Don’t fear the kerbside collection

July 27th, 2011 by Sustainable Witney Leave a reply »

Answer this one quickly, if you can: can you put Tetrapaks in your kerbside box for recycling? The short answer is “yes”; but you’d be forgiven for answering “no” or “not sure”, because a longer answer might be: “yes, but only since fairly recently.”

If you look around, you can find kerbside information on the West Oxfordshire District Council website; but they often delete or move pages without notice, which means that even that link won’t last forever. But their search isn’t too bad, so you should be able to find it if you search for, say, “paper black box.” But not “paper kerbside”.

If you’re after a friendlier website for local recycling information, the DEFRA-funded RecycleNow is much more pleasant to use: here’s the RecycleNow breakdown for home recycling for the postcode around Witney town hall. Even that information has yet to be updated for Tetrapaks or “juice cartons”. But they do offer friendly ways to get the information corrected.

The most important thing to realise is that over time more and more things become recycleable at the kerbside: glass, plastic, textiles (so old ragged clothes!) and corrugated cardboard can all be left in your black box. It’s a fair guess these days to assume that:

  • if it’s an everyday product of your kitchen (so not rubble or DIY waste)
  • and it’s not messy or likely to go messy (so not food-dirty containers, tissue paper or food waste itself)

then it’s probably recycleable. And if it’s food-contaminated paper or food waste (or indeed anything that will rot down) then you can put it in your food waste bin.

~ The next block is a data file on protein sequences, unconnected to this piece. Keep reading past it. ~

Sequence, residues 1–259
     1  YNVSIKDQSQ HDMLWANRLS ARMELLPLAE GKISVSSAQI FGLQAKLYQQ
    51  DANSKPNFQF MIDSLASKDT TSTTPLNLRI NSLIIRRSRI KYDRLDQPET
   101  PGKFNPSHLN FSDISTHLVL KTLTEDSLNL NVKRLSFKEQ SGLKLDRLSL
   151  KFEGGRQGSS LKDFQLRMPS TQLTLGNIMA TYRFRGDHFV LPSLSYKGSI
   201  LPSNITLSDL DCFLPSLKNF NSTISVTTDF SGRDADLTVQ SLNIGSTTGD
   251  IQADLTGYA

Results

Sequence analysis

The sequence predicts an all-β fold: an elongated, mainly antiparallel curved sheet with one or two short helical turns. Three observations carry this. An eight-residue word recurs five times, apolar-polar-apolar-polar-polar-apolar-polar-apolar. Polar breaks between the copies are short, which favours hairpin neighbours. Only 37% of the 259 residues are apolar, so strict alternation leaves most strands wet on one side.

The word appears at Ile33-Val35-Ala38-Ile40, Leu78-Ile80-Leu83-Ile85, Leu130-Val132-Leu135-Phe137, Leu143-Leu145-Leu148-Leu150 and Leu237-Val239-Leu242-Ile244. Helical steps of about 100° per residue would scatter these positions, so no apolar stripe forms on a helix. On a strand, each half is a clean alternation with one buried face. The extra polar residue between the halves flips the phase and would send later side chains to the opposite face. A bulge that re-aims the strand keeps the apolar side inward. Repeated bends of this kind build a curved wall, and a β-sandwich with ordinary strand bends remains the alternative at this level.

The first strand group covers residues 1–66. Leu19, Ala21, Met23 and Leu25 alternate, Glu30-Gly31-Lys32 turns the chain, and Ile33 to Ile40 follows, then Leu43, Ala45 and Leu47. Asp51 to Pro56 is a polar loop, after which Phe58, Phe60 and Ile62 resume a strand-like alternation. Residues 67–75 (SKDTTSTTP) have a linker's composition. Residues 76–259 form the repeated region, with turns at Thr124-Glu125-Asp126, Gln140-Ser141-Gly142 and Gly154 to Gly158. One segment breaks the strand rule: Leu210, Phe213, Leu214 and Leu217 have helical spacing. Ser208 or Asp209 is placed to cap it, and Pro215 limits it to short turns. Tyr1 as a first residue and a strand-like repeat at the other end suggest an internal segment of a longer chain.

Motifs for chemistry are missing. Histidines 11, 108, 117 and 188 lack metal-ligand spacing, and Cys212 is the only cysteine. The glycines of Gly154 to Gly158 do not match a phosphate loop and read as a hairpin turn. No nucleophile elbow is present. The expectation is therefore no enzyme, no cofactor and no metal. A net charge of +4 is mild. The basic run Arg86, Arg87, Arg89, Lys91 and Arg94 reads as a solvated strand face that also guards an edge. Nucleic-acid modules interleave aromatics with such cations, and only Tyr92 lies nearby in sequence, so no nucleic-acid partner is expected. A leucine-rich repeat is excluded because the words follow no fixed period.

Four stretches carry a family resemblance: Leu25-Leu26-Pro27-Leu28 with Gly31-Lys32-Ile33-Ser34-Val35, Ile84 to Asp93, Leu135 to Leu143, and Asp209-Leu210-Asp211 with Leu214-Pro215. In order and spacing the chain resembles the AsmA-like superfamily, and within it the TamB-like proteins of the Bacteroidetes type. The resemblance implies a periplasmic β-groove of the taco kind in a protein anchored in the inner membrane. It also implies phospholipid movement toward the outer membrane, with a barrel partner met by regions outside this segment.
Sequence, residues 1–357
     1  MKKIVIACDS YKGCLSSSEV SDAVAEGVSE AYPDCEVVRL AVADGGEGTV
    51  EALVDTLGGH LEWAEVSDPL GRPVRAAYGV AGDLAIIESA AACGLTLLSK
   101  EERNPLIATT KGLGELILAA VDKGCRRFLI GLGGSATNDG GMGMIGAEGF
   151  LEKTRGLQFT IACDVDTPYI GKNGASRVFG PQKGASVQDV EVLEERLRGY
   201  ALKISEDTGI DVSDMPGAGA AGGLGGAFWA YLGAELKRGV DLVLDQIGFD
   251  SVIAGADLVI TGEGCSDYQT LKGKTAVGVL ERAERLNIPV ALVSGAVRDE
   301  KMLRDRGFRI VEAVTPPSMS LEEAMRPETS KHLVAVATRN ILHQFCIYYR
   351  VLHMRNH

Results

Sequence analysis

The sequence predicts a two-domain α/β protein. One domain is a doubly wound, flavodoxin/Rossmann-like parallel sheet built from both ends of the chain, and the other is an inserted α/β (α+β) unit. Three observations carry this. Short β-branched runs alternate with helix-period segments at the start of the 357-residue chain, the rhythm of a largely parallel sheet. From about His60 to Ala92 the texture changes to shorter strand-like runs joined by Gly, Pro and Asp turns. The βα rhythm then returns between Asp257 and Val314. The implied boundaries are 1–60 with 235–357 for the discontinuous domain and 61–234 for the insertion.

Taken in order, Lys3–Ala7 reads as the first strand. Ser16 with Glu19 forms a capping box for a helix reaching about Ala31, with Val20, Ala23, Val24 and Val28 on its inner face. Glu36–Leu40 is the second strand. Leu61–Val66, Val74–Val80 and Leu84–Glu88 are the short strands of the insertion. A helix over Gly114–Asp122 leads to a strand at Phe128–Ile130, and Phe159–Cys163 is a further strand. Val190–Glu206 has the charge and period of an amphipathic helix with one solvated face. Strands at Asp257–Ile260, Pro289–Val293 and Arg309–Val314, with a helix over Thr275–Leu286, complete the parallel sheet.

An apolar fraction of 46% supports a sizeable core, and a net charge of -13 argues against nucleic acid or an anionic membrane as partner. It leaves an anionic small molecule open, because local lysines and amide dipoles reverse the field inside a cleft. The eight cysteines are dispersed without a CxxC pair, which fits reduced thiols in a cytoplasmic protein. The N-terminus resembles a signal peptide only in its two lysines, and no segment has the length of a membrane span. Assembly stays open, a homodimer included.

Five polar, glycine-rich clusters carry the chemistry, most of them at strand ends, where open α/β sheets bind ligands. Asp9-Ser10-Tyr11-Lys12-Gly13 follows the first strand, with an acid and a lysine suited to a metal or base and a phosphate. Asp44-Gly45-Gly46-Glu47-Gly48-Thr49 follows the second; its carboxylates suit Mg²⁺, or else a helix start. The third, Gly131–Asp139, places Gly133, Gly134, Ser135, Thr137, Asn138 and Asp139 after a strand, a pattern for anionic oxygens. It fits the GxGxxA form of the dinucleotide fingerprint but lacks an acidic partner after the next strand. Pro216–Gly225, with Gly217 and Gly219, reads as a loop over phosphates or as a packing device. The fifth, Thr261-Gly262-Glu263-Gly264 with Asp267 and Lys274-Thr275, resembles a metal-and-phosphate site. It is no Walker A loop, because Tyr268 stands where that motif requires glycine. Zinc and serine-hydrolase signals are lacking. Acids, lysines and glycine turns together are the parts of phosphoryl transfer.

The only one that always trips me up is polystyrene: sadly, there’s not a lot that can be done with it except send it to landfill. Another reason, if one were necessary to avoid getting that new widescreen TV….

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4 comments

  1. moragcrowther says:

    corks from wine bottles?

  2. Sally says:

    I’d put cork in the garden waste bin as it’s a natural product – Or possibly the kitchen waste bin – assuming cork biodegrades ok?
    But if you seem to get a lot (!!) keep them & bring them along to our next swap shop on 3rd Sepetember- people seem to like corks for crafting activities. The FB Group – Witney Scrapstore is also excellent for offering unusual items as well.

  3. Sally says:

    I still get a bit confused with some plastics – “softer” plastic food trays & cellophane bags I don’t think can be recycled – my way of checking these is to look for the recycling symbol on the packaging – if it has one, think it’s safe to assume you can put it in the black bin.

  4. Kevin says:

    The days of polystyrene packaging should be numbered – here’s a guy who’s growing packaging from mushrooms…

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